A quick look at the iBooks Author EULA reconfirms the dialog box’s diabolical message:

(ii) if your Work is provided for a fee (including as part of any subscription-based product or service), you may only distribute the Work through Apple and such distribution is subject to the following limitations and conditions: (a) you will be required to enter into a separate written agreement with Apple (or an Apple affiliate or subsidiary) before any commercial distribution of your Work may take place; and (b) Apple may determine for any reason and in its sole discretion not to select your Work for distribution.

Ugh, the worst part is that you never agree to anything when you install the application. The EULA never appears when you install. Apparently, you implicitly agree to the EULA simply by using the software. If you’ve worked for weeks on a book only to discover you can’t sell it anywhere else once you publish it to the iBookstore, you’re gonna be pissed.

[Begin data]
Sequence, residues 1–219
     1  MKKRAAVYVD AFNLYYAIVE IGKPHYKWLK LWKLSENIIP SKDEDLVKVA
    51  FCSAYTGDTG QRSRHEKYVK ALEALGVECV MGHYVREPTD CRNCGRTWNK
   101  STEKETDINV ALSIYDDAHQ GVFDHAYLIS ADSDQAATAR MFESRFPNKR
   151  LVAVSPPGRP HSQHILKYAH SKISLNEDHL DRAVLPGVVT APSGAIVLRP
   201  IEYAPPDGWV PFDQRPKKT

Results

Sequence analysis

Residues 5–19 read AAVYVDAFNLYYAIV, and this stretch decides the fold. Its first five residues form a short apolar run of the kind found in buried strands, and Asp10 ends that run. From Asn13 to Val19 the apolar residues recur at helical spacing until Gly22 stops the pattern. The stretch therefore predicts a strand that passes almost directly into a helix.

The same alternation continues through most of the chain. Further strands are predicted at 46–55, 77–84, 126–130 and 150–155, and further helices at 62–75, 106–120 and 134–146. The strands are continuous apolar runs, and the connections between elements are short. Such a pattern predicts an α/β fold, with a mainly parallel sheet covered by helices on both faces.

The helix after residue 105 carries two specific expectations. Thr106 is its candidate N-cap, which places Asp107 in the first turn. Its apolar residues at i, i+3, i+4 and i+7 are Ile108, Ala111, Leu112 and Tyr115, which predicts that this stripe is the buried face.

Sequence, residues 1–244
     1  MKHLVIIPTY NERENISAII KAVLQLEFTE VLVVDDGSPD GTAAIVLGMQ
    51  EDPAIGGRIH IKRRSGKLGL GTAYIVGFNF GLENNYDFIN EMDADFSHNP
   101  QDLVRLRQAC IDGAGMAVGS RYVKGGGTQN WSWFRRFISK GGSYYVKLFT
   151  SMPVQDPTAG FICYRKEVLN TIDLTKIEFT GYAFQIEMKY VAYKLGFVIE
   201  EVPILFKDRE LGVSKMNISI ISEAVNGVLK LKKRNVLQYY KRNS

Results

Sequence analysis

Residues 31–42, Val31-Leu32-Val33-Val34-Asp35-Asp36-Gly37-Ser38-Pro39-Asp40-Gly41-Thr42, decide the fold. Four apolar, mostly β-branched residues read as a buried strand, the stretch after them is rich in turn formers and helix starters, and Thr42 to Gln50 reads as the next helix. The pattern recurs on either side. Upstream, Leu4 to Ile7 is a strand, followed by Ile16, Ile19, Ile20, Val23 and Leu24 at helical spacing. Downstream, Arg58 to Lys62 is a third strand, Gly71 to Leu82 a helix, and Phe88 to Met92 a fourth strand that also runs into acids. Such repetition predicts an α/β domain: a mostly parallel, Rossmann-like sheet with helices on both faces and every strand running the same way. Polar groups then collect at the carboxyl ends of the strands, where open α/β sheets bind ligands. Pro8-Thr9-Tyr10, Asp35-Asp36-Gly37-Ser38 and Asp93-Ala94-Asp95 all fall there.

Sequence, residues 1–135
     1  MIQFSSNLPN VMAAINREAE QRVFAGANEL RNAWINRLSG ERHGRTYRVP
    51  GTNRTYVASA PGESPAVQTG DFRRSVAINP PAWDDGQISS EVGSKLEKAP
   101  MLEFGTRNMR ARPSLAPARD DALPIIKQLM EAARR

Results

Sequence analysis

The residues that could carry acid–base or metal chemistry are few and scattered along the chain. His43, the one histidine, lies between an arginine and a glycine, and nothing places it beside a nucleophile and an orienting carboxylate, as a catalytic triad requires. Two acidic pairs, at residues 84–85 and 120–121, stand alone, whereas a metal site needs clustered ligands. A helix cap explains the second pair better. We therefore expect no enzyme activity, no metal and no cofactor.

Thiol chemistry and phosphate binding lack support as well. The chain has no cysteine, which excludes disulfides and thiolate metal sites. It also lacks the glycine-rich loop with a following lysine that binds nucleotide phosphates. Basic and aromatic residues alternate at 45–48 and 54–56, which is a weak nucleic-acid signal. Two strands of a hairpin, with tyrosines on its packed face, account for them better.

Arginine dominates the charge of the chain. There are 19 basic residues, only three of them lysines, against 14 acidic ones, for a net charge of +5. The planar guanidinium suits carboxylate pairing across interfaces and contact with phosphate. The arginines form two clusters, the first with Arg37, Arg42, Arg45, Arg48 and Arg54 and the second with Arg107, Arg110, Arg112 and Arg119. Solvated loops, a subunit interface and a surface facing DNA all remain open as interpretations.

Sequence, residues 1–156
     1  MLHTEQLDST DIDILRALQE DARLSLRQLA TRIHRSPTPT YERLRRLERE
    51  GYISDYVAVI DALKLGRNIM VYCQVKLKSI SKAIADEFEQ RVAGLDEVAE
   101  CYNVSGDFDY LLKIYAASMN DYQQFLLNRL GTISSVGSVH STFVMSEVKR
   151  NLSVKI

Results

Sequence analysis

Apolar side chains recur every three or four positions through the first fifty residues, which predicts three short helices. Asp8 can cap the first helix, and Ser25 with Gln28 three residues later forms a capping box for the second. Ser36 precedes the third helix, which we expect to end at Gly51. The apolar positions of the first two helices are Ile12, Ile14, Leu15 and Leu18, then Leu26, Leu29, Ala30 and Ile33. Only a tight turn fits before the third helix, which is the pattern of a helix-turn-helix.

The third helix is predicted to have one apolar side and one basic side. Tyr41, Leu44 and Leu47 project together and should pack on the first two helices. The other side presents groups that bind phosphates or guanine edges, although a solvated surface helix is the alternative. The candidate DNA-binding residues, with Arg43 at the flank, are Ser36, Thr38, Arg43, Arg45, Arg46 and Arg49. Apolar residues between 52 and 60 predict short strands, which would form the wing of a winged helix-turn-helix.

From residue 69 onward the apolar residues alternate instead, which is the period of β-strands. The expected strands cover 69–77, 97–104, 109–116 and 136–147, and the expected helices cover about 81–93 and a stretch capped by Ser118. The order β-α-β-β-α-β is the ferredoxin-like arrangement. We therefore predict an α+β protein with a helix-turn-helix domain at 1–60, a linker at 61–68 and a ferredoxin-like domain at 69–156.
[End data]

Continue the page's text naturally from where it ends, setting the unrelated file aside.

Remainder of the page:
Apple is jumping into the world of publishing here. If you had a deal with Random House to sell your book, you wouldn’t be able to have Penguin Publishing also sell it. These deals, however, are transparent. The restrictions don’t just appear as you prepare to submit your manuscript. Apple is assuming rights over your content in the worst possible way. [Venomous Porridge]


drag2share – drag and drop RSS news items on your email contacts to share (click SEE DEMO)

Tags: , , , , , , , , , , , , , , , , , , , , , , , , , , , , , , , , , , , , , , , , , , , , , , , , , , , ,

Thursday, January 19th, 2012 news No Comments

What Is SOPA? [Sopa]